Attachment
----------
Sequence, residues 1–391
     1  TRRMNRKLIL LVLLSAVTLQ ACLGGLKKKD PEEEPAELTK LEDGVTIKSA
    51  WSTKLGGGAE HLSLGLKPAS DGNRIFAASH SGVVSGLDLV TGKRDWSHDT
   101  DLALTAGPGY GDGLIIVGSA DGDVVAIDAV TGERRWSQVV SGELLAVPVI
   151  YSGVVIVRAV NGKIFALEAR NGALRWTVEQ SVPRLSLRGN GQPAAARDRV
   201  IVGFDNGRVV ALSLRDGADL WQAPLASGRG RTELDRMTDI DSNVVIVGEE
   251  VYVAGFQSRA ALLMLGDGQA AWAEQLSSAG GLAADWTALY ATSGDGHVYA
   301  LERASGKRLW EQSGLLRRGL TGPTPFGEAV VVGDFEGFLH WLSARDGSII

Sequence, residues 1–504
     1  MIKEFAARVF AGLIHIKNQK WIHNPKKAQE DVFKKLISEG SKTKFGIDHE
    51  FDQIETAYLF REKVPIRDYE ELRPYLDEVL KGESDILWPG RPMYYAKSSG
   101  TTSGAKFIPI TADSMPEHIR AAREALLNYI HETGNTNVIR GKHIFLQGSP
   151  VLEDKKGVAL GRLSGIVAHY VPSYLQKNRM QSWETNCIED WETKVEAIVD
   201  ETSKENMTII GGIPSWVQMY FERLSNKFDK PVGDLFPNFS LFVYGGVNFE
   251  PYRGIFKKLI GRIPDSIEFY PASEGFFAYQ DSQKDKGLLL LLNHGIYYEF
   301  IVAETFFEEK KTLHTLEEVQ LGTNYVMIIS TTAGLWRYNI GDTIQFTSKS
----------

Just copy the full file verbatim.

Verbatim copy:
Sequence, residues 1–391
     1  TRRMNRKLIL LVLLSAVTLQ ACLGGLKKKD PEEEPAELTK LEDGVTIKSA
    51  WSTKLGGGAE HLSLGLKPAS DGNRIFAASH SGVVSGLDLV TGKRDWSHDT
   101  DLALTAGPGY GDGLIIVGSA DGDVVAIDAV TGERRWSQVV SGELLAVPVI
   151  YSGVVIVRAV NGKIFALEAR NGALRWTVEQ SVPRLSLRGN GQPAAARDRV
   201  IVGFDNGRVV ALSLRDGADL WQAPLASGRG RTELDRMTDI DSNVVIVGEE
   251  VYVAGFQSRA ALLMLGDGQA AWAEQLSSAG GLAADWTALY ATSGDGHVYA
   301  LERASGKRLW EQSGLLRRGL TGPTPFGEAV VVGDFEGFLH WLSARDGSII

Sequence, residues 1–504
     1  MIKEFAARVF AGLIHIKNQK WIHNPKKAQE DVFKKLISEG SKTKFGIDHE
    51  FDQIETAYLF REKVPIRDYE ELRPYLDEVL KGESDILWPG RPMYYAKSSG
   101  TTSGAKFIPI TADSMPEHIR AAREALLNYI HETGNTNVIR GKHIFLQGSP
   151  VLEDKKGVAL GRLSGIVAHY VPSYLQKNRM QSWETNCIED WETKVEAIVD
   201  ETSKENMTII GGIPSWVQMY FERLSNKFDK PVGDLFPNFS LFVYGGVNFE
   251  PYRGIFKKLI GRIPDSIEFY PASEGFFAYQ DSQKDKGLLL LLNHGIYYEF
   301  IVAETFFEEK KTLHTLEEVQ LGTNYVMIIS TTAGLWRYNI GDTIQFTSKS